Newspaper article The Daily Yomiuri (Toyko, Japan)

Under Xi, Economic Reform Slipping Down China's To-Do List

Newspaper article The Daily Yomiuri (Toyko, Japan)

Under Xi, Economic Reform Slipping Down China's To-Do List

Article excerpt

"Will the economic reforms and open-door policies stay on track?"

In recent times, such concerns have been whispered more often in China. It seems the diplomatic policies taken by the administration of Chinese President Xi Jinping are diverging from the path laid out by Deng Xiaoping.

For more than 30 years, China's reform and open-door policies (see below) have been its immovable basic policy. This policy, which has given top priority to economic growth and sought cooperative diplomatic relations with every nation, has been instrumental in the emergence of a powerful China.

Even Xi, who has embraced the political style of Mao Zedong, has declared that economic reforms must continue and will be deepened. Recently, a statue of Deng was erected in the Central Party School, an education institution that trains officials for the Communist Party of China.

However, intellectuals I have spoken to in Beijing voiced a chorus of concern that "China's open-door policies are at risk." The Xi administration's self-justified diplomatic approach, coupled with a rise in its nationalistic speech and behavior, even seems to show signs of an economic decline in the country and isolation from the rest of the world.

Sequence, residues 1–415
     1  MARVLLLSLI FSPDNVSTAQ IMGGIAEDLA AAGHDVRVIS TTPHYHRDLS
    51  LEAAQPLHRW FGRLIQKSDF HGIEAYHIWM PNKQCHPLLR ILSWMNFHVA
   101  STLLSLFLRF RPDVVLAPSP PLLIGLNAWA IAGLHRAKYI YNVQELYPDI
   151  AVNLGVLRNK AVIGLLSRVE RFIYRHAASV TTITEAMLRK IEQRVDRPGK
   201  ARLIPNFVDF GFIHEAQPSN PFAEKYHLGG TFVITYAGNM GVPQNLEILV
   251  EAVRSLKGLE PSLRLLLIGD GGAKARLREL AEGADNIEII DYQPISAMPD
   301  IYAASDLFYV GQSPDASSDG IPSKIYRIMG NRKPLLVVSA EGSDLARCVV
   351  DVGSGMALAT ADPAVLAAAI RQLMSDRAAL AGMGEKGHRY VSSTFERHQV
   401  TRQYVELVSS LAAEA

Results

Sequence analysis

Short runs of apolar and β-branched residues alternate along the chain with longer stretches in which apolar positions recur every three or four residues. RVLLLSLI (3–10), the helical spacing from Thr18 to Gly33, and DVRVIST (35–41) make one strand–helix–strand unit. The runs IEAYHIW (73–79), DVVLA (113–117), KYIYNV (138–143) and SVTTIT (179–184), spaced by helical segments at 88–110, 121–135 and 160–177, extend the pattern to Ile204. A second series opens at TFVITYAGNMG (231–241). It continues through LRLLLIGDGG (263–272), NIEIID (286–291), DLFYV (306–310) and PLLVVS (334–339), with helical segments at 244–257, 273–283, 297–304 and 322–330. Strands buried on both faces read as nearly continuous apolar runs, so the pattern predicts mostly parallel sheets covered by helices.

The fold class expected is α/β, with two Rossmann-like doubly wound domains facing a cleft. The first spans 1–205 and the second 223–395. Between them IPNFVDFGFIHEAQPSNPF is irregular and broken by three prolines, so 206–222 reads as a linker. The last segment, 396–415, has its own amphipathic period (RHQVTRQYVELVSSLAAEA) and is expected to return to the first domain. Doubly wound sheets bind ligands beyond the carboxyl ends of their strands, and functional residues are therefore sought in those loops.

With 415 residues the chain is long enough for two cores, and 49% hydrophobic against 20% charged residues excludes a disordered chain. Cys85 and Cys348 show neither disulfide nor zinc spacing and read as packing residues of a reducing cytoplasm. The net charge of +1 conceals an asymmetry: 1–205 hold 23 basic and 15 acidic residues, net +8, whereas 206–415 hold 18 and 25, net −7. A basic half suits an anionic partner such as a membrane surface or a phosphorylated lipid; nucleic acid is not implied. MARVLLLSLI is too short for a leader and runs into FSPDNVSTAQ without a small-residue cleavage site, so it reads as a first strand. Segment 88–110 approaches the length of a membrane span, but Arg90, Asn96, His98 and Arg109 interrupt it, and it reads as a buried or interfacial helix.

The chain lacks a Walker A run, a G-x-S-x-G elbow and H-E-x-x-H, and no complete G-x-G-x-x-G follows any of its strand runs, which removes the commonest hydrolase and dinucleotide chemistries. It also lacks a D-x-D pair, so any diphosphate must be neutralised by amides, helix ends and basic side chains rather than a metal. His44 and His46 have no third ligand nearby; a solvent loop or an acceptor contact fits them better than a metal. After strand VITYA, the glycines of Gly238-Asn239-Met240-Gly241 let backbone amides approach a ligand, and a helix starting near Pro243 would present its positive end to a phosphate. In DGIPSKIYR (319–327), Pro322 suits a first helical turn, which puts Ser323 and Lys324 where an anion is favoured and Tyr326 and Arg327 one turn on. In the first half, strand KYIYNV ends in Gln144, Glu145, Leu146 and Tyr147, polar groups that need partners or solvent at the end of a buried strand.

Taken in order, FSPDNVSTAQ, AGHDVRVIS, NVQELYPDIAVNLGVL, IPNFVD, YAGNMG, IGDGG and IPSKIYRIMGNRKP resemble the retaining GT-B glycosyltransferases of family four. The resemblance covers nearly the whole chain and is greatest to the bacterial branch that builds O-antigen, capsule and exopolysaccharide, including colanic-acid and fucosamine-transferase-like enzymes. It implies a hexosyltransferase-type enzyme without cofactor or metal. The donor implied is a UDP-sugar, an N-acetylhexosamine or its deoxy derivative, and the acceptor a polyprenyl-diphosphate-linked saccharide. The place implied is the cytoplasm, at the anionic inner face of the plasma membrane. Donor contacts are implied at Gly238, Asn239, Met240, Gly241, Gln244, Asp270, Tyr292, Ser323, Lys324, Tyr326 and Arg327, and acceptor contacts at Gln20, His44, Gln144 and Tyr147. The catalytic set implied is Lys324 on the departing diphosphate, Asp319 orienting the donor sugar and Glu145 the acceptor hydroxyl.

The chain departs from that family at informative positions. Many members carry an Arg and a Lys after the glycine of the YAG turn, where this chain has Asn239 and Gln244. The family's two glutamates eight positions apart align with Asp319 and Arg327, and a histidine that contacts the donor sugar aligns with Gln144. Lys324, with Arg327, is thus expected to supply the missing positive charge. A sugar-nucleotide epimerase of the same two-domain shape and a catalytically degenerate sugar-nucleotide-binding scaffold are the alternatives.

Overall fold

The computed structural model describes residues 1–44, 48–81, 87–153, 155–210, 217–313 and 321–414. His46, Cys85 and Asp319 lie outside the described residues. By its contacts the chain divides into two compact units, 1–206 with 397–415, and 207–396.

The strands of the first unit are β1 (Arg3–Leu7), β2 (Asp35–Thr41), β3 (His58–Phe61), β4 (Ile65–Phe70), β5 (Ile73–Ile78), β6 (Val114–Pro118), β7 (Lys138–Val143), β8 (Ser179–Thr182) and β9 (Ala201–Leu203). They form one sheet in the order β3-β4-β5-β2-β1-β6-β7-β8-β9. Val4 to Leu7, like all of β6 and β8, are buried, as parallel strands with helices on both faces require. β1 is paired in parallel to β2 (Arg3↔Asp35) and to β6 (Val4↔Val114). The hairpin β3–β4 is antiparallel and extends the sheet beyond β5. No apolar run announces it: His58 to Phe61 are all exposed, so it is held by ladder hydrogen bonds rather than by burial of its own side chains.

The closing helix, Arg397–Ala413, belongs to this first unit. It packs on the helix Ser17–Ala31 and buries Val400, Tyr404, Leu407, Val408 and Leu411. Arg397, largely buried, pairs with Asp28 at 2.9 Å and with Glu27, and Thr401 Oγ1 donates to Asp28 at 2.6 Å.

A typical example of this was the military parade held on Sept. 3 to mark the 70th anniversary of China's "victory in the War of Resistance Against Japan." This event had a strong tinge of anti-Japan sentiment.

"China-Japan relations are extremely important for China's economic development," a Communist Party source said. "It would have been impossible to hold such a parade in the past, including during the days under the administration of Jiang Zemin, which frequently produced anti-Japan remarks and actions."

China's unilateral actions in recent years, such as its establishment of an air defense identification zone in the East China Sea in 2013 and its reclamation work on rock reefs in the South China Sea, stem from the same origin -- its inclination to think about nothing but China's own interests.

Water and oil

In autumn of 2012, Xi became the top leader of the Chinese Communist Party, making himself the first figure to reach the position without being appointed by Deng as a successor, since the reforms and open-door policies were adopted.

In terms of international power at the time of its launch, Xi's administration was probably the strongest in Chinese history. China had already become the second-largest economy as the world struggled to overcome the aftereffects of the so-called Lehman shock. …

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